A turning point for Dylan was joining seminal UK group The Blockheads in 1998 (touring and recording with Ian Dury from '98 to his death in 2000). He remains an active member, with four albums recorded, including drums the 2010 biopic Sex and Drugs and Rock and Roll; for Chaz Jankel's BAFTA nominated jazz score of as well as re-recording the classic tracks with The Blockheads and lead Andy Serkis. They are about to enbark on a 16 date UK tour in April 2010 to promote their new album Staring Down The Barrel (EMI).
DH has also had a long musical association with his father Steve Howe appearing on ten of his solo albums and touring with his electric group 'Remedy' in 2004 (including a live DVD) and most recently with his Hammond organ group - The Steve Howe Trio, in the UK and Canada, to promote the new live album Travelling (Howesound 2010).
Leading the quintet, new projects and re-imaginings 2000-2010
Dylan formed his acclaimed Blue Note-styled quintet in 2003, releasing four albums and touring the UK intensively since then. Often compared to to the groups of Roy, Elvin Jones and Art Blakey, Dylan's group featured many young up and coming players from the London jazz scene.
The group was often featured as critic's choice and CD of the week and also featured on BBC Radio 3's Jazz Records Request, Jazz Lineup, Thejazz and Late Junction, wIth interviews and features in Jazzwise and The Guardian Guide,
Throughout 2003-2007 the quintet toured extensively throughout the UK with performances at:
Ronnie Scott's, Pizza Express Dean Street, Jazz Cafe, Southbank Centre, London Jazz Festival, The Sage Gateshead Jazz Festival, Scarborough, Swanage, Coventry, Marlborough, Canary Wharf and Luxembourg festivals and specially selected by Portishead to appear at All Tomorrow's Parties (ATP) in 2007; among many others.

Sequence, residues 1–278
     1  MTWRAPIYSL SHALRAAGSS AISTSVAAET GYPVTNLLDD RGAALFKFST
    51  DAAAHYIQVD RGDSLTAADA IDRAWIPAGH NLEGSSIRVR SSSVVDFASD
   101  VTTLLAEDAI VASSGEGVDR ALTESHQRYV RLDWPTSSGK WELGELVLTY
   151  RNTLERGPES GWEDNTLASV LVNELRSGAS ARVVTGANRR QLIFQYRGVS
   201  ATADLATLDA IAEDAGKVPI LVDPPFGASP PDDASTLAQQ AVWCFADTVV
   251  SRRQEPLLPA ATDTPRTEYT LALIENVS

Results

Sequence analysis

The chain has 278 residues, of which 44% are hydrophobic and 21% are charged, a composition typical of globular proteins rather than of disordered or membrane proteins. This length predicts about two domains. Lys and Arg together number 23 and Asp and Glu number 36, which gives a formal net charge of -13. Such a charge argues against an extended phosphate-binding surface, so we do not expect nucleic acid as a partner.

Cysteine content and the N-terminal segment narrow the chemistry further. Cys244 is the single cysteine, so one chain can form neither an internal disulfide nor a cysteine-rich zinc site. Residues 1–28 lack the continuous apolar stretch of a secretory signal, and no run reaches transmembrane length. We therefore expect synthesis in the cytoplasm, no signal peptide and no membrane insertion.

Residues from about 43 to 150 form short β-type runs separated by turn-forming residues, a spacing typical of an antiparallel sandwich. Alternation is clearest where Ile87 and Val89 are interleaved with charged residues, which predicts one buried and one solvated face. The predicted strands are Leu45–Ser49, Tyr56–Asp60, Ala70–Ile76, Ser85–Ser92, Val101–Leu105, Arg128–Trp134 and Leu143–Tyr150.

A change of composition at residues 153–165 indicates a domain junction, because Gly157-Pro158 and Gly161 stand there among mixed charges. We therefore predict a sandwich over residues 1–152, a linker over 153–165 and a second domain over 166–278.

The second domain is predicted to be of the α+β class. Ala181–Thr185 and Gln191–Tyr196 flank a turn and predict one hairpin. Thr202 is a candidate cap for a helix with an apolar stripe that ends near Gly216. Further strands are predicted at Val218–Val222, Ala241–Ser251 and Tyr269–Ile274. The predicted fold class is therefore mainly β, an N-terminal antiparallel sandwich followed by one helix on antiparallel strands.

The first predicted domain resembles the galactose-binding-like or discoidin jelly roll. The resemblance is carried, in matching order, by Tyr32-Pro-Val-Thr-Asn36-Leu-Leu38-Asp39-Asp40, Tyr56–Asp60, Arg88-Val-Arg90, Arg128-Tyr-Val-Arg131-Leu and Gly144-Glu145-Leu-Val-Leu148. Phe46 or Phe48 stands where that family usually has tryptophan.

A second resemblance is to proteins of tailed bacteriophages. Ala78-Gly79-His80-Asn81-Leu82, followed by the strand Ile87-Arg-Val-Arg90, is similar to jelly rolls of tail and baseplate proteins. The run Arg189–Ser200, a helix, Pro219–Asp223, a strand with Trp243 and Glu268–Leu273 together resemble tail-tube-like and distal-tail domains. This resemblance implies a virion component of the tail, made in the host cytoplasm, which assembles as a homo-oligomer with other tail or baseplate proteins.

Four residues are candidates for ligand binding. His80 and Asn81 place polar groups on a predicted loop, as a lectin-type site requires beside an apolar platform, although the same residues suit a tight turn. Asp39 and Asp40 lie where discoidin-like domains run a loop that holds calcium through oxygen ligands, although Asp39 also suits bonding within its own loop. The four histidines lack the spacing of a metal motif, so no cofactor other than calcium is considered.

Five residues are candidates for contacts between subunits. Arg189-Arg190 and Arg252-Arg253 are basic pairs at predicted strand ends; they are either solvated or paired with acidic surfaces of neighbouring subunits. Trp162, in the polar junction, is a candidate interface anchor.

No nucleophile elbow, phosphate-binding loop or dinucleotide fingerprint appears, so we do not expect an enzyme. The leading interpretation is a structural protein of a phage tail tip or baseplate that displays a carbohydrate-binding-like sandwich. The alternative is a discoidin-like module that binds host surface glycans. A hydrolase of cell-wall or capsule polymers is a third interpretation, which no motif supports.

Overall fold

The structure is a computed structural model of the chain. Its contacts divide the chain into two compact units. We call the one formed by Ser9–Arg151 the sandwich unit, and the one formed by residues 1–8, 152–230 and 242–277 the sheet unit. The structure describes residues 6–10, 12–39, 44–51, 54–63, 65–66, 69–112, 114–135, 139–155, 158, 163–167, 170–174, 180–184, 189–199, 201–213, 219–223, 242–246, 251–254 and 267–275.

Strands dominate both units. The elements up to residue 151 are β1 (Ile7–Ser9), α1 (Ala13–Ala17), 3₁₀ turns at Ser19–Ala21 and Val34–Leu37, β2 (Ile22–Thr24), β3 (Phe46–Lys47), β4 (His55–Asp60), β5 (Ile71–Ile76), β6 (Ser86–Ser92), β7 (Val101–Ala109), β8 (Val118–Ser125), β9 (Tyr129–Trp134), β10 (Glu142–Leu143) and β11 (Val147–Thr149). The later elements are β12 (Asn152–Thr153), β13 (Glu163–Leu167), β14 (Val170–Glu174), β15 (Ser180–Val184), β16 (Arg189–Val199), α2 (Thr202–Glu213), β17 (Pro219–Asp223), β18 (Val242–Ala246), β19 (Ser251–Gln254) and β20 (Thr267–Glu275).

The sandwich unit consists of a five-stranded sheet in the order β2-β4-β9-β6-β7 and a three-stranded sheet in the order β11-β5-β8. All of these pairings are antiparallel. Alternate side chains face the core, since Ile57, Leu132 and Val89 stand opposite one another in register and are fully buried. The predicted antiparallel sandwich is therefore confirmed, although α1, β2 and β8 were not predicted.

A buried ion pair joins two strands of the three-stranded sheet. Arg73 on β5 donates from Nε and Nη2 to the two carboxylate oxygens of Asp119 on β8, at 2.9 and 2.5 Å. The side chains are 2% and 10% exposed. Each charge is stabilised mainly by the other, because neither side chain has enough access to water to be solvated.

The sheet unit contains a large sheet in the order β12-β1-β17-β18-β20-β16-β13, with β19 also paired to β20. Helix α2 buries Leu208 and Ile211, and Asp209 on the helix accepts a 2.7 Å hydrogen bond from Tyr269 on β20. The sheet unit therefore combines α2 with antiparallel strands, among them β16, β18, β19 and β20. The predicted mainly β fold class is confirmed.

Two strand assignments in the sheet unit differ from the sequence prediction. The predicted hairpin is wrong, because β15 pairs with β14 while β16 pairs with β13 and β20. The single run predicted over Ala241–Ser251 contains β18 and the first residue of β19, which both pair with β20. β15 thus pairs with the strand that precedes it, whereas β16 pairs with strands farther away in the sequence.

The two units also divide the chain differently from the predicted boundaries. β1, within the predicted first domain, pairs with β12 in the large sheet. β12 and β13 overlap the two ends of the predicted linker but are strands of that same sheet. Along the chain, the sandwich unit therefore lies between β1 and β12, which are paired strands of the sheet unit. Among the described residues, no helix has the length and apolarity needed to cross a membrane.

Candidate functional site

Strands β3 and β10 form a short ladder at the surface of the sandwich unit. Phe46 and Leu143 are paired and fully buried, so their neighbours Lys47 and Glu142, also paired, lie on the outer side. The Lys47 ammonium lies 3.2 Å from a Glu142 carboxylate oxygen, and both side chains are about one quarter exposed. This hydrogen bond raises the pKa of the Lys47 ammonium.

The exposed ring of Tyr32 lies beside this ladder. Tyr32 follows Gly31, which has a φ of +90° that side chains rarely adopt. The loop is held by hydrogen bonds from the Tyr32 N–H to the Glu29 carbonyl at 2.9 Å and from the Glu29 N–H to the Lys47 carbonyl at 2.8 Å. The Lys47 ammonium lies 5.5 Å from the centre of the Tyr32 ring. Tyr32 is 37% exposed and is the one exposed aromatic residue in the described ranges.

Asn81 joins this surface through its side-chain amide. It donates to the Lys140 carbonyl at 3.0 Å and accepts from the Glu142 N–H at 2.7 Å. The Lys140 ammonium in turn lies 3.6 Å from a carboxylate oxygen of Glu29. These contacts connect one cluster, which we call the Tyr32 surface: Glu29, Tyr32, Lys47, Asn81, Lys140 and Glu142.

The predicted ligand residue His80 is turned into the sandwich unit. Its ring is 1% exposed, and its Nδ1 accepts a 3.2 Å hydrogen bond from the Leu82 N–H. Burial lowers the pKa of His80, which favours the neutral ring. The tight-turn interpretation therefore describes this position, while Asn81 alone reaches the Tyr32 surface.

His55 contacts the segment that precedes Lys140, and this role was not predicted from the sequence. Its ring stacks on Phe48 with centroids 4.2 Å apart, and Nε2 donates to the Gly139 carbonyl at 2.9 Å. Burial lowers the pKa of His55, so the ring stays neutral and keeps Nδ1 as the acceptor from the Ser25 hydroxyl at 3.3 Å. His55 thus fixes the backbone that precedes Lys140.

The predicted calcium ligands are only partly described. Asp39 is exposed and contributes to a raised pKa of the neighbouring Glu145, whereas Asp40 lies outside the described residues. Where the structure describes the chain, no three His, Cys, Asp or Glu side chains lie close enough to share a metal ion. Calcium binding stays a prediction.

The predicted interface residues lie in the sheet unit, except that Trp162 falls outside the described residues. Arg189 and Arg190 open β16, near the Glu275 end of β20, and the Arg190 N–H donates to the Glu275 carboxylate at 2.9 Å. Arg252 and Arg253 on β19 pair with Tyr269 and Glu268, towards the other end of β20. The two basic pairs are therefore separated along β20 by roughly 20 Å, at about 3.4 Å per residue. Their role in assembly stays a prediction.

Also iconic Soft Machine drummer and vocalist Robert Wyatt sang with the quintet in 2007, marking his first live performance in some 20 years, they plan to collaborate on DH's next album.
In 2007 DH began to work on new projects, finding his niche in rearranging and reimagining
New adaptations of classic works (often in partnership with pianist/organist Ross Stanley), these included:
The Subterraneans - a 12-piece reworking of David Bowie's albums Low and Heroes.
This was previewed in the London jazz festival in 2007 at London's Cargo with Serious.
It featured jazz sextet, four piece string section, Adrian Utley; guitar/ electronics (Portishead), Gilad Atzmon and Hugh Cornwell (The Stranglers).
A Larry Young styled Hammond group - 'Dylan Howe's Unity 4' - featuring Ross Stanley, Mike Outram and Tony Kofi. Playing specially adapted Young, Woody Shaw and Ornette Coleman compositions, touring the UK in June 2008.
Dylan Howe / Will Butterworth Duo - a drum and piano duo playing Stravinsky.
DH and young pianist Butterworth spent a year reworking The Rite of Spring and Firebird suite for improvisation. Their debut album was released in March 2010 on Howe's Motorik label.
'Superlative drummer/pianist duo reinterpreting Stravinsky's finest movements via freewheeling jazz.' Time Out
'Thrilling...packed with big gestures and catchy hooks. It's fresh and Âimmediate and engaged the full house...digs out Igor's Slavic jazz soul without losing the work's essence.'
John L Walters - The Guardian
Most recently during 2009/2010, DH produced, arranged and played on former Slits' guitarist Viv Albertine's EP Flesh, joined Wilko Johnson's trio, gigged and recorded with Get The Blessing, Beth Rowley, Mick Jones and The Rotten Hill Gang, Tamco, Canadian guitarist Tony Smith, James Morton's Porkchop, Kid Harpoon, Alison Moyet and the Steve Howe Trio.
Dylan's main influences are:
Roy Haynes, Elvin Jones, Tony Williams, Philly-Jo Jones, Stewart Copeland, Dennis Davis, Al Jackson Jr, Bernard Purdie Steve Gadd and John Bonham,
John Coltrane, Miles Davis, David Bowie, Stevie Wonder, James Brown, Yes, Igor Stravinsky, The Police and Blue Note, Impulse and Stax record labels.
Howe is endorsed by:
Zildjian Cymbals, Gretsch Drums, Hardcase and Protection Racket cases